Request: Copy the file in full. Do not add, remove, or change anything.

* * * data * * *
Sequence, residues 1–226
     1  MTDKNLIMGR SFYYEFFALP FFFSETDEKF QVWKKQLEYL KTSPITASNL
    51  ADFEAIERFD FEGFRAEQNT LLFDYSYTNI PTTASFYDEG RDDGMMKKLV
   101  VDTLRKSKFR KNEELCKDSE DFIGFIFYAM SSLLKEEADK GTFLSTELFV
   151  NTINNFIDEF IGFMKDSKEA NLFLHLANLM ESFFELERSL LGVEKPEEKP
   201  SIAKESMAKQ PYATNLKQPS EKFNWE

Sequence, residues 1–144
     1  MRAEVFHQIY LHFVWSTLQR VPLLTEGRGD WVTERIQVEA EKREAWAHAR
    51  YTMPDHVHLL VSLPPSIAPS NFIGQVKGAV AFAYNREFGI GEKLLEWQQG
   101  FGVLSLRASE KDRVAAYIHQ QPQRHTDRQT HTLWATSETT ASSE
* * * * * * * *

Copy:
Sequence, residues 1–226
     1  MTDKNLIMGR SFYYEFFALP FFFSETDEKF QVWKKQLEYL KTSPITASNL
    51  ADFEAIERFD FEGFRAEQNT LLFDYSYTNI PTTASFYDEG RDDGMMKKLV
   101  VDTLRKSKFR KNEELCKDSE DFIGFIFYAM SSLLKEEADK GTFLSTELFV
   151  NTINNFIDEF IGFMKDSKEA NLFLHLANLM ESFFELERSL LGVEKPEEKP
   201  SIAKESMAKQ PYATNLKQPS EKFNWE

Sequence, residues 1–144
     1  MRAEVFHQIY LHFVWSTLQR VPLLTEGRGD WVTERIQVEA EKREAWAHAR
    51  YTMPDHVHLL VSLPPSIAPS NFIGQVKGAV AFAYNREFGI GEKLLEWQQG
   101  FGVLSLRASE KDRVAAYIHQ QPQRHTDRQT HTLWATSETT ASSE